Currently coexist proven recommendations and new reality hardware.

For example: "Performance can suffer if there is excessive fragmentation of database files". Or: "Calibrate the specified dbspace ...; Calibrate the parallel I/O capabilities of devices ..."

And, on the other hand, let defined the following Tiering Policy: - x% of the data on this disk resides on Flash Drives; - (100 - x)% split across a pool of disks.

Can be done defrag that at the Windows o/s level? Will such a defragmentation to improve performance?

Is calibrate the database ( http://sqlanywhere-forum.sap.com/questions/10243/calibration-best-practices ) dangerous? Is it possible to calibrate the data, if x is not a fixed value, as in the case of "Auto-tier"?

Is "separate physical drive" no longer important on RAID, SAN and/or NAS ( http://sqlanywhere-forum.sap.com/questions/1132/is-separate-physical-drive-no-longer-important-on-raid-san-andor-nas ) really?

Is there a [alpha, beta ...]-document that answers these questions?

P.S. I can not answer the question of whether it is dangerous to use the SQL Anywhere 12 (or 16) in a virtual environment ( http://sqlanywhere-forum.sap.com/questions/4663/virtualization-sqlanywhere ). In my opinion, the SQL Anywhere 12 "sharpened" by a physical PC and for virtual environment can have serious performance degradation. Is that so?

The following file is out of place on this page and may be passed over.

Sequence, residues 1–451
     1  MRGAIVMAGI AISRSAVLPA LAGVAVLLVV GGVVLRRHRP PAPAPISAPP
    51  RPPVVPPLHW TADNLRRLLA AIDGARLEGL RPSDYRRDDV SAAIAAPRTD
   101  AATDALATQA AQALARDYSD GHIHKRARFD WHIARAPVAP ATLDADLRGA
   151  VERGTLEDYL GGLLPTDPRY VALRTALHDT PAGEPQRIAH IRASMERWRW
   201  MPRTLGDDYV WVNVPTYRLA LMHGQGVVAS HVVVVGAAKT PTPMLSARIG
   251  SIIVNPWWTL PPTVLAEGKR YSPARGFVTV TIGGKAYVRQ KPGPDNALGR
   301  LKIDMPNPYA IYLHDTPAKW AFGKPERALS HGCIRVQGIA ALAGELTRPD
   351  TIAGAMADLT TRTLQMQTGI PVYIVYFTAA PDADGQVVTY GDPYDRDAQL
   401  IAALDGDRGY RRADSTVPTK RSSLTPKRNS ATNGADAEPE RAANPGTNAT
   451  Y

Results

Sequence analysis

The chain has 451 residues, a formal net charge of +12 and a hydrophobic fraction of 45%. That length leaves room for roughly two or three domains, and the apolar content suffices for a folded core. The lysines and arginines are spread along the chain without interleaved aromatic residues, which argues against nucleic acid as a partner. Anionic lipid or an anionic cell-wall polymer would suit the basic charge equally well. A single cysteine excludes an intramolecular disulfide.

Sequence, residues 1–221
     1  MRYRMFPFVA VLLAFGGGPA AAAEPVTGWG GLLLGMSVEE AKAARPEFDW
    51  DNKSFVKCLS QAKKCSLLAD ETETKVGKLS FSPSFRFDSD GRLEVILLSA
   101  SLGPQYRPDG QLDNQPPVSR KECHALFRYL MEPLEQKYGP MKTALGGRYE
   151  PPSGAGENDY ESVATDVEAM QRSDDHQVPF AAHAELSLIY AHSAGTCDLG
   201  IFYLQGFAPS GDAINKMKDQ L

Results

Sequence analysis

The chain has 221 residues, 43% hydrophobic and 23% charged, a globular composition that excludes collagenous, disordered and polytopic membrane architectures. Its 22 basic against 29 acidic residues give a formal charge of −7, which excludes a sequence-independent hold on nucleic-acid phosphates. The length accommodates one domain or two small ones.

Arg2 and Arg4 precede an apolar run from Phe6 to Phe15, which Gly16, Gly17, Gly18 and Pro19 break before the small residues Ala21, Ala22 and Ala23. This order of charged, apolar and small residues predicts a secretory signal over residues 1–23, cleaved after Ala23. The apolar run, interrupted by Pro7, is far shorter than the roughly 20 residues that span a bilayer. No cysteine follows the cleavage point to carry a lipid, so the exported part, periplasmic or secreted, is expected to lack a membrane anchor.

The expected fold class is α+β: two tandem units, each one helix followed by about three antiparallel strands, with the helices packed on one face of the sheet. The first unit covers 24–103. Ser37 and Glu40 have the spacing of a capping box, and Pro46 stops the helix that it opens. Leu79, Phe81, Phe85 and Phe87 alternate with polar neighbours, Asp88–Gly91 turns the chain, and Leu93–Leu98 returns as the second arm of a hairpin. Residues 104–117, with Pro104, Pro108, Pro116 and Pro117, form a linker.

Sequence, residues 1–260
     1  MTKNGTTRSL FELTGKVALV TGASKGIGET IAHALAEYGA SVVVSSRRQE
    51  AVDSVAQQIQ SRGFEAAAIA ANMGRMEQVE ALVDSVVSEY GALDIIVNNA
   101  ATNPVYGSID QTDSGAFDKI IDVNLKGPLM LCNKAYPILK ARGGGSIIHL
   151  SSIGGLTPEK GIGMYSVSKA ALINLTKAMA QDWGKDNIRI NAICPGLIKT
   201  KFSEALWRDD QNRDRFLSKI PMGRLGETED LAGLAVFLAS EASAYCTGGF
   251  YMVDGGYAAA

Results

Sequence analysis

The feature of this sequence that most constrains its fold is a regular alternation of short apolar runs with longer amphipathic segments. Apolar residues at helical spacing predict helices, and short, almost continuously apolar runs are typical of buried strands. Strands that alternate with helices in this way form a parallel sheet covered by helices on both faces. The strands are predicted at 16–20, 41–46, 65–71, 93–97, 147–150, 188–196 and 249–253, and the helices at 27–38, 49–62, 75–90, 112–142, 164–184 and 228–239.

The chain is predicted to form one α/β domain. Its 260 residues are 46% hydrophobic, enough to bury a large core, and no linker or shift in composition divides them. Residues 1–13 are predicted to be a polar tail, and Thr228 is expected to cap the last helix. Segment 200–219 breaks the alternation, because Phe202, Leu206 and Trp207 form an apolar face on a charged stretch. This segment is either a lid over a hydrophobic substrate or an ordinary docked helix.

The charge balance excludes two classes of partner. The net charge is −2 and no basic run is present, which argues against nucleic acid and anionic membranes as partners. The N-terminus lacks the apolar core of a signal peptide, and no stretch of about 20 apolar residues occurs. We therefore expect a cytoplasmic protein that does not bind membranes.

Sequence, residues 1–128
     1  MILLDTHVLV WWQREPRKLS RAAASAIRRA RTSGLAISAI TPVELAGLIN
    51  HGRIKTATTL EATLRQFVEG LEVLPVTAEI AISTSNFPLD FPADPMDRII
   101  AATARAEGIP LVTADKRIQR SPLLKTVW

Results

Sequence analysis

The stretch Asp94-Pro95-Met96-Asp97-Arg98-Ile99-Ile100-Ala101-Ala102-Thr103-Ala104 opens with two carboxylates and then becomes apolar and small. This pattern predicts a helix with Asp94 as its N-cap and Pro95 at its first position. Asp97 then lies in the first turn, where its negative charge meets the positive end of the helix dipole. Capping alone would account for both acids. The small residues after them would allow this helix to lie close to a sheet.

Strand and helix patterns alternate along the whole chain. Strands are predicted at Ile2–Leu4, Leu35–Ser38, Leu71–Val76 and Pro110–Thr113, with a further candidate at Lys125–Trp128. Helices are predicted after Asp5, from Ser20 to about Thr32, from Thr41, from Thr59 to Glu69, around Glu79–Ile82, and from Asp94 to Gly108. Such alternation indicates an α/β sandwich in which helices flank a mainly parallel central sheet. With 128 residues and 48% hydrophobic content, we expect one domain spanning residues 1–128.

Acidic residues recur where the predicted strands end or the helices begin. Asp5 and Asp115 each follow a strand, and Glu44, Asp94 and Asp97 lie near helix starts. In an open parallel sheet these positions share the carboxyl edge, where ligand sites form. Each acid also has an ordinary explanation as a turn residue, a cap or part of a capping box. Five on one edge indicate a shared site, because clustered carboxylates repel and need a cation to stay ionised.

asked 15 Jan '13, 03:51

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Ilia63
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edited 16 Jan '13, 03:54

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Volker Barth
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Can be done defrag that at the Windows o/s level? Will such a defragmentation to improve performance?

To start, file fragmentation on the file system is always the responsibility of the OS. SQL Anywhere will only report it to you for your convenience - we can't actually control that in any manner ourselves (as we merely ask the operating system for "more space" on our file when growing the database - the OS decides how/where that free space comes from, or denies the request because it can't find any free space).

x% of the data on this disk resides on Flash Drives; - (100 - x)% split across a pool of disks.